What child doesn’t love making a cave to hide in? In How to Share with a Bear, Thomas makes a cave so he can cuddle up with a few books and read. But his cave is taken over by a bear, so he finds creative ways to distract it. Bears like blueberries, scratching their backs, fishing in streams, and honey, but none of these distractions seem to last very long. The reader will be surprised to discover the “truth” behind the bear!
I loved the gentle solutions in this story about siblings and sharing. Thomas is a loving big brother. Even though there are instructions at the end of the book about how to build your own cave, your children may not need them! If you’re in need of quiet book, perfect for cave reading, pick this one up today!
written by Jean Lewis; illustrated by Eugenie
As soon as the patron handed me this book to return, I was transported right back to my old childhood bedroom. This was one of my favorite books to read. Judy and Ben are going to visit their Aunt and Uncle’s underwater lab. The two siblings learn about the lab and get to take a mini-sub out for a ride along the ocean floor. They see parrotfish and other types of fish, a torpedo ray, an octopus, and even a shark! As their adventure unfolds, the reader is given quick facts about the different ocean life. This story is a great introduction to the various animals that call the ocean their home. Don’t forget to check out the non-fiction area to learn more about oceans. Bonus: a few pages really do glow in the dark! Learn about laternfish among a shipwreck and then turn off the lights, to see them shine.
Reviewed by Kate (Parr Library)
By: Alexandra Bracken
With the upcoming Star Wars movie coming to theaters, this story revisits the original Star Wars trilogy in chapter book form. The book describes itself as a “retelling” but essentially it is a pretty close novelization of the original Star Wars: A New Hope movie. The main difference is the order that the story is told. The story is divided into 3 parts: one for Leia “the princess”, one for Han Solo “the scoundrel”, and one for Luke Skywalker “the farm boy”.
The retelling is clever because it informs the inner dialogues and feelings of the characters. Most of the spoken dialogue is taken directly from the movie. It may not be necessary to know the movie to understand and read the book. However, for those that know the movie, it is appealing to see these famous movie quotes in chapter book form. Nothing extraordinarily new comes from the book, but there is ample evidence that the author loves Star Wars and her enthusiasm makes the retelling enjoyable.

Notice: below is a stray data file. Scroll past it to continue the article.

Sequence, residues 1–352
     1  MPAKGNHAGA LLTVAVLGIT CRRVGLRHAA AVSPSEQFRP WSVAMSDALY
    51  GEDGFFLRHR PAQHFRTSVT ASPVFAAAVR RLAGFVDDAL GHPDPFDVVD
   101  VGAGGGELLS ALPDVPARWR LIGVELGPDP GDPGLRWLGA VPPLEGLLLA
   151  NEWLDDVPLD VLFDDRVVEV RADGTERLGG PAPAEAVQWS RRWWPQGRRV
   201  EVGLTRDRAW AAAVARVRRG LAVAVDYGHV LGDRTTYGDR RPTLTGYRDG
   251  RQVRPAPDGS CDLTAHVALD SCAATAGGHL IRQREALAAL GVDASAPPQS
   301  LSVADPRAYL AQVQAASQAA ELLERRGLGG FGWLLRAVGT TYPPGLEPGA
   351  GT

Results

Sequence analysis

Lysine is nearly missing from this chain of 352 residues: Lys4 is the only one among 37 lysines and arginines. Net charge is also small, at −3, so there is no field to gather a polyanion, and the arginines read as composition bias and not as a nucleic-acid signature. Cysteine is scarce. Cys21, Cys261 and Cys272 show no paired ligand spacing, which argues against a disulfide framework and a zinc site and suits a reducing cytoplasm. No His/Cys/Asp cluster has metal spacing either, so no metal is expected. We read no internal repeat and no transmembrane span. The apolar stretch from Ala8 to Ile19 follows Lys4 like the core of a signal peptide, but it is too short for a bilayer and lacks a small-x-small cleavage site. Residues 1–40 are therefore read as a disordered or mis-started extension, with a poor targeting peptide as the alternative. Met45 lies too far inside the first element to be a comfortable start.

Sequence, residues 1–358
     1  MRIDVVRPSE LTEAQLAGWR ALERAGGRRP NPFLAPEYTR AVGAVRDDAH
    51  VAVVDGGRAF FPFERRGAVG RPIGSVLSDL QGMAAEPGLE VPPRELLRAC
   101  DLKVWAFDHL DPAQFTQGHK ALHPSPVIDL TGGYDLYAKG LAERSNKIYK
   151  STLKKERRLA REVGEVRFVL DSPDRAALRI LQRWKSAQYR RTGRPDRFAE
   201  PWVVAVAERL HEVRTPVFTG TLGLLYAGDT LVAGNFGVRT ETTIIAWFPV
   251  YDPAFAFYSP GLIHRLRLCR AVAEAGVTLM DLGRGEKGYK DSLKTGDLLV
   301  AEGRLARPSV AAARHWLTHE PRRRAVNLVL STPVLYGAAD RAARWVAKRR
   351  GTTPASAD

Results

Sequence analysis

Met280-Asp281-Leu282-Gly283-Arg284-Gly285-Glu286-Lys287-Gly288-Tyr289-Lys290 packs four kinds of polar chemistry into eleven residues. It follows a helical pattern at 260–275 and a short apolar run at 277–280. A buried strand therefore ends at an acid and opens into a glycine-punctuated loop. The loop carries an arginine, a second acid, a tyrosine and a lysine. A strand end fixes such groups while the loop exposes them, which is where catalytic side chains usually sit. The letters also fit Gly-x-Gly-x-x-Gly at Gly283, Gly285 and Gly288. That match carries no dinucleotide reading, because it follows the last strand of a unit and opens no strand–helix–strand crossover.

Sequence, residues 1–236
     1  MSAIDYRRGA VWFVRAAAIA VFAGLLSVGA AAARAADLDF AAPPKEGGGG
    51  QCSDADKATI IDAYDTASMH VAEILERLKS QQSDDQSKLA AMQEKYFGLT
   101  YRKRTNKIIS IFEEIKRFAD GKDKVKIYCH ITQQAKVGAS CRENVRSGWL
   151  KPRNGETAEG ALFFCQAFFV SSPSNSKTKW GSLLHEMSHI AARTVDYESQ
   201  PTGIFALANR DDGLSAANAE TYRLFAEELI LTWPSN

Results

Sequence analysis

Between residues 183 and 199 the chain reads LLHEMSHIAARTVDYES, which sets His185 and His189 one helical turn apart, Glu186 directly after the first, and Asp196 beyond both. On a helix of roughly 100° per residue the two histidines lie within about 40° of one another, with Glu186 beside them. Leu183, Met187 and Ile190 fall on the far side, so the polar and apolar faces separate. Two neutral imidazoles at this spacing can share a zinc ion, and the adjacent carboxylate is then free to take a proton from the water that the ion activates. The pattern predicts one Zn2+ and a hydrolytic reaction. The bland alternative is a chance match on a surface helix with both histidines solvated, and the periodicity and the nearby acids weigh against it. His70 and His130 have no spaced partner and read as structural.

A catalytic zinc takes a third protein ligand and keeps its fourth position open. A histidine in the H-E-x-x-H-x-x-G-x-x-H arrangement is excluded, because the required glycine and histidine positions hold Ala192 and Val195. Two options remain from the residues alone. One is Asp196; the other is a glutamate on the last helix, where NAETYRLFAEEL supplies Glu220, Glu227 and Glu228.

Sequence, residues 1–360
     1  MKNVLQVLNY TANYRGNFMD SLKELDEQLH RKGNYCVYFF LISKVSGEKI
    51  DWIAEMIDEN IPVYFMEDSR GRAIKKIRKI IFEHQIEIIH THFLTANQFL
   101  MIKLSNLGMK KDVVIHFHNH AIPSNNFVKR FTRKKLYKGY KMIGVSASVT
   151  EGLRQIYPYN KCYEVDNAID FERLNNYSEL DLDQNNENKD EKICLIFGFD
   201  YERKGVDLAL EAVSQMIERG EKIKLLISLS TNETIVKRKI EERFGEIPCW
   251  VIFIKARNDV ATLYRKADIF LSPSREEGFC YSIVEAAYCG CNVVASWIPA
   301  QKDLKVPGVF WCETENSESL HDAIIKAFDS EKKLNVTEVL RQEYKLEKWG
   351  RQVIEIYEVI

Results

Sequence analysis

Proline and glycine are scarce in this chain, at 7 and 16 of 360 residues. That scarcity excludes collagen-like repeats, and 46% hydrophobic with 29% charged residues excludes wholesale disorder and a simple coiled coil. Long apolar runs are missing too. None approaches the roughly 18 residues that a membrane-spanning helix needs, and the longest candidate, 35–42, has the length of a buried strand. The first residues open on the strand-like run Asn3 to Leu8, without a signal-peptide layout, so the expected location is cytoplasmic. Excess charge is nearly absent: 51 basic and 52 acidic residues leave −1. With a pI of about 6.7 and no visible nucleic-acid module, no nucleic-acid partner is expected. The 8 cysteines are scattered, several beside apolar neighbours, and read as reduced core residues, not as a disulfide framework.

This title is recommended for ages 8 and older. It would also be a fun read-aloud story for families to share, especially for those that love space adventures and want to introduce Star Wars to a new audience.
Reviewed by: Diana (Harrington Library)
By Paul Czajak
Illustrated by The Brothers Hilts
Seaver isn’t like his brothers and sisters. They’re orb spiders and they only spin in perfect circles. All of the little spiders spin their webs each night, but Seaver looks up at the stars and finds inspiration. Instead of the smooth circles of his siblings’ webs, Seaver weaves squares and triangles and hexagons! His webs catch many bugs, but his siblings keep telling him that it’s not right for him to weave other shapes. Finally, he builds a web so beautiful that even his siblings can’t deny that other shapes are the way to go!
Seaver the Weaver is a sweet story about being true to yourself no matter what. The illustrations make the spiders friendly and humorous, rather than scary (I’m not a fan of scary spiders!). With all the different shapes in the web, you and your little one can expand shape vocabulary together, as well as learn a thing or two about spiders.
Recommended for ages 2-6